The “Charlie’s Angels” movies aren’t perfect; they’re a weird mishmash of the progressive, subversive and gratuitous. The three leads — Cameron Diaz, Lucy Liu and Drew Barrymore — are all given distinct personalities that contain contradictions. Diaz’s Natalie is both a disco-obsessed ditz and a super sleuth with a zoology background. Liu’s Alex is an intimidating weapons expert that also kinda wants to settle down. Barrymore’s Dylan has a tough exterior that hides a sentimental interior. Yeah, each one of the Angels has a trait that’s been deemed stereotypically feminine, but they all counter them with something unexpected — and, most importantly, none of them are alike.
I love them both dearly, but how different are Gamora and Black Widow? How different are the two of them from Melinda May and Maria Hill? I mean, I can see the subtle differences between all of them — and believe me, I could talk to you for hours about those subtle differences — but none of those characters really get to differentiate themselves because they never get to work side by side with each other. When there’s only one woman in the main cast, as is the case with Black Widow and Gamora, it’s very easy to keep them in the standard super-tough-kick-ass-assassin role. I can tell that Widow and Hill are super different characters by extrapolating from what we’ve seen of them individually; I just want to see them share more than thirty seconds of screentime so we can see that extrapolation made canon. Because all three of Charlie’s Angels are pretty much the same type of super tough fighters (thanks to hilariously executed and now dated wire fu), all of these other character traits get to rise to the fore through their prolonged shared screentime. All three of the Angels are able to be tough, smart, sexy, goofy and intimidating — sometimes simultaneously– throughout both films.
The real surprising thing about both “Charlie’s Angels” movies? I mean, aside from it being an early ’00s time capsule thanks to the involvement of Tom Green and Destiny’s Child. The women never turn on each other. The three of them never backstab each other, they are never catty with each other and they never stop believing in each other. Dylan gets a little bit nervous when it seems like Natlie might marry Luke Wilson’s character (see? Early ’00s!), but they talk it out like adults in act two of “Full Throttle,” totally sidestepping all passive aggression. Because we rarely get to see women have lengthy interactions in superhero properties, seeing functioning female friendships in an action movie from 15 years ago felt really new. Every time Marvel does this (Darcy and Jane, Skye and Simmons, Peggy and Angie), it’s rewarding. I want to see more of it, because friendship is strength. In “Full Throttle”, the key to their victory over a gleefully scenery-chewing Demi Moore is literally friendship. These are three women that have each other’s back, be it covered in lederhosen, a man’s business suit or nothing at all.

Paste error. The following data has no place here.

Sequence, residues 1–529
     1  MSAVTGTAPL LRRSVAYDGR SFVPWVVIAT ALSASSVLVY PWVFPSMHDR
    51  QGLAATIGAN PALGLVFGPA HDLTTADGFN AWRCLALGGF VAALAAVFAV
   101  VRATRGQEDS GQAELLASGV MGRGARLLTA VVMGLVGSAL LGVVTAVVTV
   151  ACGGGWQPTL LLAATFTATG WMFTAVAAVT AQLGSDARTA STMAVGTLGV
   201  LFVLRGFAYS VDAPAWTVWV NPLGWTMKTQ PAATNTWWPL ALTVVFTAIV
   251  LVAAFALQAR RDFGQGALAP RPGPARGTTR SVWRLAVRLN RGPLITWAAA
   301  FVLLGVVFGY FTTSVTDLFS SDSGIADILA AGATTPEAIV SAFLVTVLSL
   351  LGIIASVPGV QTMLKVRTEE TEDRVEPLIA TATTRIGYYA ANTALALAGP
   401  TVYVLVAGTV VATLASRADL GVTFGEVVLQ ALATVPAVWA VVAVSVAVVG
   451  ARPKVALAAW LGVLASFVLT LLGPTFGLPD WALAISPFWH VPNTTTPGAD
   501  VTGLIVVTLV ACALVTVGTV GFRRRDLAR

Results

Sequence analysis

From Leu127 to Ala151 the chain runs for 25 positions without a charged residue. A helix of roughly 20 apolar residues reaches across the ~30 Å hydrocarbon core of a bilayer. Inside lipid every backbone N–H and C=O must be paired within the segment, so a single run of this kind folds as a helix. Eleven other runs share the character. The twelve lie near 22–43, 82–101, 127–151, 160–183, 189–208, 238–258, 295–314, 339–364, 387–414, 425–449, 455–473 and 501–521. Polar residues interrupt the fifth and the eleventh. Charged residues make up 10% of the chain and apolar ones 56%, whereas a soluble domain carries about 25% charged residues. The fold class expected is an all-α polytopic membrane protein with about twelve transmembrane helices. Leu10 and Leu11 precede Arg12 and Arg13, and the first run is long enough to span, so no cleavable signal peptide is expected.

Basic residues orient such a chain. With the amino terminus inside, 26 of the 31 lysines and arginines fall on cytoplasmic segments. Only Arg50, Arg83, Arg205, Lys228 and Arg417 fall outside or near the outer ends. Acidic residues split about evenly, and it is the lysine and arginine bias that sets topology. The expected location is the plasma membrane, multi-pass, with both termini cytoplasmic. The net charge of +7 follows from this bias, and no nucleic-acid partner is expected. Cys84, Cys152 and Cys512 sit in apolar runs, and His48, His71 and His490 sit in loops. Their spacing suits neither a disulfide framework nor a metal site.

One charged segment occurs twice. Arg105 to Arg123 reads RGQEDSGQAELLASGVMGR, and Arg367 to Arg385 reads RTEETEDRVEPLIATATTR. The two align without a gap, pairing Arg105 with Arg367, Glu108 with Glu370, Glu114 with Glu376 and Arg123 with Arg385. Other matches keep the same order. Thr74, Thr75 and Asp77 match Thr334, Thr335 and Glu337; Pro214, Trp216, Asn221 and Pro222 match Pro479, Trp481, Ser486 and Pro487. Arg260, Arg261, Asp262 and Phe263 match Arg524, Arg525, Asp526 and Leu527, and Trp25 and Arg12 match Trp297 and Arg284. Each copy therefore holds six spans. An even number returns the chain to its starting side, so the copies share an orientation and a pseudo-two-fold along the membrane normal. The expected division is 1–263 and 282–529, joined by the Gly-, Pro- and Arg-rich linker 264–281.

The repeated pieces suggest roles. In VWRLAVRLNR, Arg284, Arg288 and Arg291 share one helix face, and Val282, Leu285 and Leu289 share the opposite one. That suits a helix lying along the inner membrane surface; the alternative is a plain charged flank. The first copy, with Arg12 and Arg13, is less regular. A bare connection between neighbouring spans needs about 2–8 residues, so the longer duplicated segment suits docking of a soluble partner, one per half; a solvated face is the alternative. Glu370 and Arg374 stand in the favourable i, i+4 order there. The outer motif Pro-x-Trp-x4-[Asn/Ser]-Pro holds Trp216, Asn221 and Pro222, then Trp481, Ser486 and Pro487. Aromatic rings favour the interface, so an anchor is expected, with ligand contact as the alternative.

Of course all of that awesome stuff exists alongside a weirdly paternal relationship with their mystery employer that sometimes sees the Angels get a little bit infantilized, and there are a number of sexy undercover scenes where the leads moonwalk across the line past agency and into objectification. So yeah, not saying these movies are perfect, but they do feature the Angels dodging two missiles coming from opposite directions by driving a big ol’ truck off of a dam and taking flight in a helicopter hidden inside their vehicle — all set to Rage Against the Machine.
The point of all of this is to say that women have been capable of leading successful action movies for a while. We shouldn’t let people still moaning about “Elektra” erase “Aliens,” “Tomb Raider,” “Kill Bill,” “Charlie’s Angels” and lots more from our collective memory. After watching both “Charlie’s” installments, you have no idea how much I want to see “Birds of Prey” or “Fearless Defenders” muscle their way onto Warner Bros. and Marvel’s slates. I need to see Captain Marvel and Spider-Woman tearing Hydra goons apart to Heart’s “Barracuda.”
Brett White is a comedian living in New York City. He makes videos for the Upright Citizens Brigade as a member of UCB1 and writes for the sketch comedy podcast Left Handed Radio. His opinions can be consumed in bite-sized morsels on Twitter (@brettwhite).